The Justice Department intensifies its nationwide initiative to combat pollution in marginalized communities. Local attorneys are now equipped to translate federal environmental justice strategies into localized action.
The Department of Justice (DOJ) is amplifying its commitment to environmental justice, particularly in communities of color and low-income areas. This move is in line with President Joe Biden's objective to counteract pollution and the ramifications of climate change in these communities.
The Environment and Natural Resources Division (ENRD) of the DOJ, often dubbed the largest U.S. environmental law firm, has been spearheading this initiative since last year. To bolster their efforts, every one of the 94 local U.S. attorneys’ offices now has an environmental justice coordinator, either from the civil or criminal law domain. Their primary role is to transform the DOJ's overarching environmental justice strategy into tangible actions tailored to their respective states and localities.
Cynthia Ferguson, the director of DOJ’s Office of Environmental Justice, likens this network of coordinators to a "small army" dispersed nationwide. This office, established in 2021 following Biden's climate executive order, has already marked significant achievements. One such accomplishment was the DOJ's proactive response to the drinking water crisis in Jackson, Mississippi. This incident saw over 150,000 residents without potable water for days, following a treatment plant malfunction. The federal government's intervention included appointing a water executive to supervise the repair of Jackson's water infrastructure and subsequently suing the city for violations related to drinking water.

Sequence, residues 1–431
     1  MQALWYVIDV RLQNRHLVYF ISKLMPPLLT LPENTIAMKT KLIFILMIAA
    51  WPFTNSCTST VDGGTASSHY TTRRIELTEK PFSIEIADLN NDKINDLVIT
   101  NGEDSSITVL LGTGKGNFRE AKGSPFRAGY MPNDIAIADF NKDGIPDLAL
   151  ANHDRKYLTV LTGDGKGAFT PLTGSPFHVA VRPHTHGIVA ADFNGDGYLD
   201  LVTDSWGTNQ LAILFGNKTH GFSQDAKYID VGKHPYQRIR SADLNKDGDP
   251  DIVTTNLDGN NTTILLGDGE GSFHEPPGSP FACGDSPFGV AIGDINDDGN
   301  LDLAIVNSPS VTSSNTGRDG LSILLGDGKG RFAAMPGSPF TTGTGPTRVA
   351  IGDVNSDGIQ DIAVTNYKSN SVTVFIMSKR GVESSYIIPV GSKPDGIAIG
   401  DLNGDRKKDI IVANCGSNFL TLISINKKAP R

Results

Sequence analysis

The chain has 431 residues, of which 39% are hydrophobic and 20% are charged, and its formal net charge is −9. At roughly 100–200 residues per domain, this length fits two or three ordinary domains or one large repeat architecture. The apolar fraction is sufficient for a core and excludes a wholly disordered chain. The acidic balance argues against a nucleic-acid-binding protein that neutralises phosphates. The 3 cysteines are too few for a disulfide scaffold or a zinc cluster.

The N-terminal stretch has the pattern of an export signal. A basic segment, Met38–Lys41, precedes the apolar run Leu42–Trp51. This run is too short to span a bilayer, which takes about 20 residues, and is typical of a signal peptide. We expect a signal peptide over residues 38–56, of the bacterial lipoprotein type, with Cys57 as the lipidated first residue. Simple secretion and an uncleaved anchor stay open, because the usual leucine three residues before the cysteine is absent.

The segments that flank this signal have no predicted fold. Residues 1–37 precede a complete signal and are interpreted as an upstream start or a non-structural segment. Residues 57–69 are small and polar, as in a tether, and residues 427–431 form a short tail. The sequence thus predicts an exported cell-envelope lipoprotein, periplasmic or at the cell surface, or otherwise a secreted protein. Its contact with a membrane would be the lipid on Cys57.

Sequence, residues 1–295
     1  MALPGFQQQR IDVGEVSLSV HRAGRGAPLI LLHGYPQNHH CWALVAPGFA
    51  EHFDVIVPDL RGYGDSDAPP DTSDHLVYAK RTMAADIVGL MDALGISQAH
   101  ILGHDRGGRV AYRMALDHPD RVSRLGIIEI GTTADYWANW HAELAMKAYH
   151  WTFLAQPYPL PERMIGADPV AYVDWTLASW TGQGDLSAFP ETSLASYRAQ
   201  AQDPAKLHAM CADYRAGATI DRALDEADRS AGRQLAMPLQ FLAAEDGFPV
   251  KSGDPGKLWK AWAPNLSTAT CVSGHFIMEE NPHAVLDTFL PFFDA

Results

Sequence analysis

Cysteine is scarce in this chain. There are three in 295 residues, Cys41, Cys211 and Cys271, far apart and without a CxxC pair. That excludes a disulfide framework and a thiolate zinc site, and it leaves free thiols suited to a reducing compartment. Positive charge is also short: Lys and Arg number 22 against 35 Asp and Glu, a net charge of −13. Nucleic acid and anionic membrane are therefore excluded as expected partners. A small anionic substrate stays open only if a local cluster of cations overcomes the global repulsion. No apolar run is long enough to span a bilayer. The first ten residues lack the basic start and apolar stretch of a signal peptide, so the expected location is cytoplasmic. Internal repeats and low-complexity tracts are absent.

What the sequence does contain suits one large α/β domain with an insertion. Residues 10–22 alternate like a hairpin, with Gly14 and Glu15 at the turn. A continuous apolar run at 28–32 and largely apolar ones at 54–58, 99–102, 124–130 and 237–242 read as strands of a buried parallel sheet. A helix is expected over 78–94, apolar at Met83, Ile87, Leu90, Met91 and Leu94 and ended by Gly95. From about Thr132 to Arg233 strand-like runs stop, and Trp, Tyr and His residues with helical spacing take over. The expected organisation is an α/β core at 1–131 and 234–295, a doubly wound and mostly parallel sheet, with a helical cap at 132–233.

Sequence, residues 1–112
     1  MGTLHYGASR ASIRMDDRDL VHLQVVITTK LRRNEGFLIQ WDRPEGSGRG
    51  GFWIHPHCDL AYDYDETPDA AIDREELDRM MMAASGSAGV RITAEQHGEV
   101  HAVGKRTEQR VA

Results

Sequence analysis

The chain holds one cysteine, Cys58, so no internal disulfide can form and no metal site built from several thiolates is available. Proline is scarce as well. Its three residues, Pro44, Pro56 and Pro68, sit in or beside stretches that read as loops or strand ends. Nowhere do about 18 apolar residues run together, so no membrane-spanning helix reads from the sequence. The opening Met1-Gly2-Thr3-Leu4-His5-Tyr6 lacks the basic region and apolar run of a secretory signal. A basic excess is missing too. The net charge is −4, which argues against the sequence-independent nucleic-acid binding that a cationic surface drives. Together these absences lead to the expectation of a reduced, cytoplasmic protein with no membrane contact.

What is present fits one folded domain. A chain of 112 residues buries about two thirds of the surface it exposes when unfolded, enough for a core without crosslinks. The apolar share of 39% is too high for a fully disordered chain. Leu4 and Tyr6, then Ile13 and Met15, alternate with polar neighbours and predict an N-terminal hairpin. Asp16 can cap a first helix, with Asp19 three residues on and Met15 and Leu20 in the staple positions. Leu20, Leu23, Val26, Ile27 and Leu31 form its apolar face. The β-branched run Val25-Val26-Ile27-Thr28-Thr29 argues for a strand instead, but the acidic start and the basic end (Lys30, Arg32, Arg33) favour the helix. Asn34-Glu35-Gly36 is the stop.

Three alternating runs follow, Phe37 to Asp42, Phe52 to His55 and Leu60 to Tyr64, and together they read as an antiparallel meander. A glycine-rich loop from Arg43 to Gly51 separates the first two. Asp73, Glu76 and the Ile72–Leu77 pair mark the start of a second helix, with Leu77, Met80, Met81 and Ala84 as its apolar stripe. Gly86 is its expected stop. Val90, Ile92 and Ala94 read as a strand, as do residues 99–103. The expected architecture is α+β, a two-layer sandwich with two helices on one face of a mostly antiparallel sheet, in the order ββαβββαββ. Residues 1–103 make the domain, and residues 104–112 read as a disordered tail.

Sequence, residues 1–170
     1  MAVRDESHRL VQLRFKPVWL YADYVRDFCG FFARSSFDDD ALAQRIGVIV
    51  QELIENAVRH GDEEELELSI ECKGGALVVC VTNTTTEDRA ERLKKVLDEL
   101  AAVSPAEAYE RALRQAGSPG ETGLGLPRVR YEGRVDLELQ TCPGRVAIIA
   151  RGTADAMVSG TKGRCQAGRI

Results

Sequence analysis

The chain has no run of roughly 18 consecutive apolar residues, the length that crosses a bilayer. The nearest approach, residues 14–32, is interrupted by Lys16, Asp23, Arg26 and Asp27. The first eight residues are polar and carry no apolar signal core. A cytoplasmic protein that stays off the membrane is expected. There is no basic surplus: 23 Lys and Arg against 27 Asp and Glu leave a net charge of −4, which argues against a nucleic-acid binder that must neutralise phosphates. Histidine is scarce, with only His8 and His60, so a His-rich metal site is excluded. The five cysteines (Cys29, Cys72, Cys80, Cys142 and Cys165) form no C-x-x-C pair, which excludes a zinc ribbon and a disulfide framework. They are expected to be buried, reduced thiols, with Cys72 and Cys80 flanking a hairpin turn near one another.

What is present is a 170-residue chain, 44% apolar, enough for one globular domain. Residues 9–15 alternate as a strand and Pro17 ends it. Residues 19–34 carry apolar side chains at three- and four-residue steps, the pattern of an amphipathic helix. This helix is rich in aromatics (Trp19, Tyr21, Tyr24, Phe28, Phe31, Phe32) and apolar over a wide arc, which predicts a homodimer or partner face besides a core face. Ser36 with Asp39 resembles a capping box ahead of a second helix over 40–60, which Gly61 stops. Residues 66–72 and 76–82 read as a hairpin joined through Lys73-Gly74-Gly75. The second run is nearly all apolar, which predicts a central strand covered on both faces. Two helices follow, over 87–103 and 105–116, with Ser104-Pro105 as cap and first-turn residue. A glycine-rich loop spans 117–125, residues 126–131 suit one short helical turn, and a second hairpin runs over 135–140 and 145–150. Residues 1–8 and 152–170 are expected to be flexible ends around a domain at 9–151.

According to E &E News, another notable achievement was an uncommon lawsuit against Denka Performance Elastomer, a petrochemical manufacturer, for air pollution in Louisiana. The environmental justice coordinators were instrumental in these endeavors, facilitating community outreach events and bridging the gap between affected communities and government lawyers.
Kate Konschnik, principal deputy assistant attorney general within ENRD, emphasized the importance of timing and cultural sensitivity in community engagement, citing the need to avoid scheduling meetings during significant community events like Bible study nights.
Highlighting some of the attorneys at the forefront of this initiative:
Osborn also highlighted the complexities of environmental justice evaluations, noting that there isn't a one-size-fits-all approach. Factors like race, income level, and other demographics play a role, but the evaluation process remains intricate and multifaceted.
As the DOJ continues its nationwide push for environmental justice, the challenge lies in determining the exact scope of their work and ensuring that their efforts are effectively tailored to the unique needs of each community.
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